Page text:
The 2012 Tour de France is set to kick off from Liège, Belgium with Dutch rider Tom Veelers (Argos-Shimano) taking to the prologue start ramp first at 2:00 PM local time for the 6.4km race against the clock.
The 198-rider start list will include Garmin-Sharp's David Millar, who has had a stomach bug but who is confirmed for the start. He goes off at 2:59 PM.
There is no rain in the forecast for Liège, so the majority of the specialists are stacked at the end of the start sheet: defending Tour champion Cadel Evans is last at 5:17 PM, just behind 2004 prologue winner Fabian Cancellara. Giro winner Ryder Hesjedal is off at 5:11 PM, while Bradley Wiggins heads out five minutes earlier.
Although it has been a tradition in the past, Evans will not wear the yellow jersey of defending champion in the prologue.
Van den Broeck for the overall, Greipel and Vanendert for stages
Coming into the 99th Tour de France the Lotto-Belisol team made it clear they came to Liège with one major goal and that was getting Jurgen Van den Broeck on the podium in Paris. Sprinter André Greipel and climber Jelle Vanendert can go for stage wins if those plans don't interfere with the overall goal.
Thanks to no less than seven bunch sprint victories in the last five weeks the team enters the Tour de France with a good morale. "The team-spirit is good," team manager Marc Sergeant said. "These guys are going through a fire for each other. With Jurgen we have one true leader for the general classification but if there's the opportunity to win a stage then we'll go for it. With Jelle we have a man for the stage on Sunday [the uphill finish in Seraing]. He showed in the Amstel Gold Race that he can do it. Normally you win if you beat Peter Sagan, if it wasn't for Enrico Gasparotto. On Monday it's a stage that's destined to finish in a bunch sprint. We have a good team and a good lead-out to support André Greipel."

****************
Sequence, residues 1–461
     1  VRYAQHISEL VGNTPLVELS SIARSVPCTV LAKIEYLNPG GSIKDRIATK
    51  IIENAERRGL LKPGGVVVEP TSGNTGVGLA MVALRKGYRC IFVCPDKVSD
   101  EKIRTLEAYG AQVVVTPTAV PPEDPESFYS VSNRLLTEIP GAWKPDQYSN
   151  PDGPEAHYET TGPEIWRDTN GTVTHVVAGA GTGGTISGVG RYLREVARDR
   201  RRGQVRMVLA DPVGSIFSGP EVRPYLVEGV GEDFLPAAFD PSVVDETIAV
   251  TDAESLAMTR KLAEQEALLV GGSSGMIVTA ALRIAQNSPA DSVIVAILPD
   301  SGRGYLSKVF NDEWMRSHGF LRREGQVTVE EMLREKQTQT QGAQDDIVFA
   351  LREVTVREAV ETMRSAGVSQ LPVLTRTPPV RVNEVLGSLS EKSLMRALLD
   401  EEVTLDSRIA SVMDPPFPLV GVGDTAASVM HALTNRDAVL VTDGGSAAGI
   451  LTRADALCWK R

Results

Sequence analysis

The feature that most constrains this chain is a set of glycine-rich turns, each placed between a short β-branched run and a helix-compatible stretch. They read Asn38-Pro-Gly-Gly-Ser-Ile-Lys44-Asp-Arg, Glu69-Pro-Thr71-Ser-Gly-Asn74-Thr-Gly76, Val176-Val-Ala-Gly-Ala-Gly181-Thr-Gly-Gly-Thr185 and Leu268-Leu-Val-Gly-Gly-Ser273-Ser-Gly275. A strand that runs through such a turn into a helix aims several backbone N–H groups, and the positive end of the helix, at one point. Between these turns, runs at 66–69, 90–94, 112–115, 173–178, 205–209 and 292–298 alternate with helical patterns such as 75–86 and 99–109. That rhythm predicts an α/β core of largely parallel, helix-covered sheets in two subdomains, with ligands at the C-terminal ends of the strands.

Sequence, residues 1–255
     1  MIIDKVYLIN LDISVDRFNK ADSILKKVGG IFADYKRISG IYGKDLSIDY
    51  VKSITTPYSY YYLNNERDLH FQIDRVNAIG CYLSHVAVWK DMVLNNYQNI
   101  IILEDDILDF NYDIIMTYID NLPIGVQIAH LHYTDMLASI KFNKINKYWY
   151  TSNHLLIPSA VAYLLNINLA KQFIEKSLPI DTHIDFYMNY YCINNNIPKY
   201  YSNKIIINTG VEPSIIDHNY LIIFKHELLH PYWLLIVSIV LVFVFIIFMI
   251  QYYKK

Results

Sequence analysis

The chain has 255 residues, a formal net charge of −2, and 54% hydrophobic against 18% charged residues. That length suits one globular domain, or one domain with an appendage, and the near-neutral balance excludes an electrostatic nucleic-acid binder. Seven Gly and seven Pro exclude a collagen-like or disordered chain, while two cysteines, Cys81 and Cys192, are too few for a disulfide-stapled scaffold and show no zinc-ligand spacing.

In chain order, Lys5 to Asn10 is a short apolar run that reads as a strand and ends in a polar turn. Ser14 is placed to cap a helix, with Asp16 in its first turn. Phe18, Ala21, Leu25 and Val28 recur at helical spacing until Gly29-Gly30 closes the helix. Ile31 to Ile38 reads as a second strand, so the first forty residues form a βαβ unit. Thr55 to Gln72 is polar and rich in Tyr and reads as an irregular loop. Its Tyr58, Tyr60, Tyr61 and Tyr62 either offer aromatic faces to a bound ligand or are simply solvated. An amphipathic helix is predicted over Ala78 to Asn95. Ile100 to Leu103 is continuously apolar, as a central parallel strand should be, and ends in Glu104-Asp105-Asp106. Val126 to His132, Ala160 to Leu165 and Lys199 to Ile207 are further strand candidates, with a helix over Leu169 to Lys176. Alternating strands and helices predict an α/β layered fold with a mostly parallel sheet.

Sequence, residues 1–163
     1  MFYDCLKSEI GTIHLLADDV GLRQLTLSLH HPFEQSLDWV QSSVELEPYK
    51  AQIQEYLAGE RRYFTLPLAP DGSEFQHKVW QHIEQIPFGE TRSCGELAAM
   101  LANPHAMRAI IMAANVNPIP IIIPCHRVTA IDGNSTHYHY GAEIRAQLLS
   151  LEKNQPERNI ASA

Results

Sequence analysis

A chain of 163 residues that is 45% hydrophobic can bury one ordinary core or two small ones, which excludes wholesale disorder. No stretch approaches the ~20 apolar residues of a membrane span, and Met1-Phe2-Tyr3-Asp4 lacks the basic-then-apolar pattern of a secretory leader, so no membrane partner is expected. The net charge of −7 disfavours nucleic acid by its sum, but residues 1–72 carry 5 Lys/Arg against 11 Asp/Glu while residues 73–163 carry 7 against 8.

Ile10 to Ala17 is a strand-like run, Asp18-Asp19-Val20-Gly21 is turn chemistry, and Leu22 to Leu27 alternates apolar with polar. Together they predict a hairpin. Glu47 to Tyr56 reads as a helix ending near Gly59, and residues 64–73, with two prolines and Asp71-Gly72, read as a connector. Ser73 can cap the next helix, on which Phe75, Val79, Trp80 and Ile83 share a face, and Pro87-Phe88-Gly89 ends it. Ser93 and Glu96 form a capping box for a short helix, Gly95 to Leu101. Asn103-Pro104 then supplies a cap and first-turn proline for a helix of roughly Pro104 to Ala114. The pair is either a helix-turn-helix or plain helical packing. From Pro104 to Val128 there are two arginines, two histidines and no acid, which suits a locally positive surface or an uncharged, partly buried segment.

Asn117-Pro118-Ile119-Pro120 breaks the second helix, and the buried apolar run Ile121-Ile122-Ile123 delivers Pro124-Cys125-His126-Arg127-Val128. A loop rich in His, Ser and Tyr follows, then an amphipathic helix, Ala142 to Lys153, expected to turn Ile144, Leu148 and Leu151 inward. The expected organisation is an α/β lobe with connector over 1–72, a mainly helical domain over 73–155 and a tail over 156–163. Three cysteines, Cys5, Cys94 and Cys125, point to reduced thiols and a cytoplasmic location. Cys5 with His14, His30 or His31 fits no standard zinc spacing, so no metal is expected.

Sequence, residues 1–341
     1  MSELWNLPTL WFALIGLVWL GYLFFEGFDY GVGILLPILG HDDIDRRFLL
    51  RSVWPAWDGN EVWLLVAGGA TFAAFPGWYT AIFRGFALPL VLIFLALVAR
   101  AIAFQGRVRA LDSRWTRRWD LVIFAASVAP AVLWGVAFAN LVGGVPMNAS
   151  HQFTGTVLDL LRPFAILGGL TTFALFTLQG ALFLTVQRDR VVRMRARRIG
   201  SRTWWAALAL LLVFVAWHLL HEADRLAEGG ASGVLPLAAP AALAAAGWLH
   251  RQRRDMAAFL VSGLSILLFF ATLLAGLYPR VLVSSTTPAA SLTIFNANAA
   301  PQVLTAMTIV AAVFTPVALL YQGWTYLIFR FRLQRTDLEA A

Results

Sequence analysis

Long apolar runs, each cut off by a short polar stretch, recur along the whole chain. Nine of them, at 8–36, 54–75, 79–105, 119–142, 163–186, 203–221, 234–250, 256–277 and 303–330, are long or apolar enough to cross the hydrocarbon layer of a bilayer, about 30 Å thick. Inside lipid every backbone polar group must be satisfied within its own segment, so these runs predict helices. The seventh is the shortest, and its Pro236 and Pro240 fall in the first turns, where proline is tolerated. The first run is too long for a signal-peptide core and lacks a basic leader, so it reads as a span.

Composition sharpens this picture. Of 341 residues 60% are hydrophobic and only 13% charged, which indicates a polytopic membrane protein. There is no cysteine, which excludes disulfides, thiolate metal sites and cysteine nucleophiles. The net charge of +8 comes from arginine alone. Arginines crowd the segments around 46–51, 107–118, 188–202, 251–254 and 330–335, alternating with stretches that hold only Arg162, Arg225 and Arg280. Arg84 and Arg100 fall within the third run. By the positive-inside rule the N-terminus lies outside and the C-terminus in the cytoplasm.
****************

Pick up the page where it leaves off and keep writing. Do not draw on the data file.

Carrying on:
Sergeant believes that Jurgen Van den Broeck has what it takes to aim high in the general classification. The podium seems the highest possible result but Sergeant didn't hide that he hoped for even more. "You never know what happens with Wiggins or Evans. Three weeks of racing is really long. They both can have a weak moment. Look at what happened with the untouchable Lance Armstrong on the Joux-Plane," Sergeant said. In order to be the one that can profit from any problems by Wiggins or Evans, the Belgian rider has to make sure he sits in a good position overall himself. That means he'll have to deal well with the more than 100 time trial kilometres.
"As soon as Jurgen learned about the course and the time...